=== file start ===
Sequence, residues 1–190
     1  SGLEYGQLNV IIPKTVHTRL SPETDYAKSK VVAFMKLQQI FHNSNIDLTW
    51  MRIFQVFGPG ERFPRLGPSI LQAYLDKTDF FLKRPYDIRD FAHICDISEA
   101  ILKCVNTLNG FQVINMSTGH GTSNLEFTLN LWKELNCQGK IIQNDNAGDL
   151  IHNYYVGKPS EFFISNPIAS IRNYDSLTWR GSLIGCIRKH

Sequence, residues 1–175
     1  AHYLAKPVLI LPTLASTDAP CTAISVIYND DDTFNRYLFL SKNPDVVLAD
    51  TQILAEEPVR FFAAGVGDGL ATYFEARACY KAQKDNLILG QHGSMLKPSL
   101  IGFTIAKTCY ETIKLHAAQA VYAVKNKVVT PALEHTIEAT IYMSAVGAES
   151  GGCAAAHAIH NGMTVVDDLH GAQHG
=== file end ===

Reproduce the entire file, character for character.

Sequence, residues 1–190
     1  SGLEYGQLNV IIPKTVHTRL SPETDYAKSK VVAFMKLQQI FHNSNIDLTW
    51  MRIFQVFGPG ERFPRLGPSI LQAYLDKTDF FLKRPYDIRD FAHICDISEA
   101  ILKCVNTLNG FQVINMSTGH GTSNLEFTLN LWKELNCQGK IIQNDNAGDL
   151  IHNYYVGKPS EFFISNPIAS IRNYDSLTWR GSLIGCIRKH

Sequence, residues 1–175
     1  AHYLAKPVLI LPTLASTDAP CTAISVIYND DDTFNRYLFL SKNPDVVLAD
    51  TQILAEEPVR FFAAGVGDGL ATYFEARACY KAQKDNLILG QHGSMLKPSL
   101  IGFTIAKTCY ETIKLHAAQA VYAVKNKVVT PALEHTIEAT IYMSAVGAES
   151  GGCAAAHAIH NGMTVVDDLH GAQHG